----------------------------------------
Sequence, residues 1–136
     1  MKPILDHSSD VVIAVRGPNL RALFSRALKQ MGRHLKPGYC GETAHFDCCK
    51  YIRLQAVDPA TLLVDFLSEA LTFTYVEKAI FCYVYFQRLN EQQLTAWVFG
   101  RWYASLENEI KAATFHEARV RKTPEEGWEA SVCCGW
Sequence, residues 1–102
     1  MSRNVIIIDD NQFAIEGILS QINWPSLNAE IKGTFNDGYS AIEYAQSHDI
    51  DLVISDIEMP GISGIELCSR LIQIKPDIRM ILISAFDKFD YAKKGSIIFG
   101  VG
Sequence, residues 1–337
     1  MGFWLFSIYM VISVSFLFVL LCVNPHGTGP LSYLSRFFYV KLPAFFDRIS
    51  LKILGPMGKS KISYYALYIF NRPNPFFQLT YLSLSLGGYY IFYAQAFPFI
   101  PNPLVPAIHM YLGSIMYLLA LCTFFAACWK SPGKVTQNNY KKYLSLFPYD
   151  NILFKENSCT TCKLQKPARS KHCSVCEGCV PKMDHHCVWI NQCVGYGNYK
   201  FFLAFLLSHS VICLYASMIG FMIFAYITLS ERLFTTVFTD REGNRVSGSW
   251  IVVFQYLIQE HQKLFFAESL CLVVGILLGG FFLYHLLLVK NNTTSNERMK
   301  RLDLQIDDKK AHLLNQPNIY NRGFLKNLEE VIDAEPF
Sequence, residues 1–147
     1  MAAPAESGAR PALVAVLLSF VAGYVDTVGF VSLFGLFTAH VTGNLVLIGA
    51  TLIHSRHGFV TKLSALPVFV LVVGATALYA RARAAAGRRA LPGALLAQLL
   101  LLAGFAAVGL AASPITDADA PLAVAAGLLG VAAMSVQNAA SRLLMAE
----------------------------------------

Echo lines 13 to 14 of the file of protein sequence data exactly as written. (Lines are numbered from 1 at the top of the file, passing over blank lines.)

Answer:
   151  NILFKENSCT TCKLQKPARS KHCSVCEGCV PKMDHHCVWI NQCVGYGNYK
   201  FFLAFLLSHS VICLYASMIG FMIFAYITLS ERLFTTVFTD REGNRVSGSW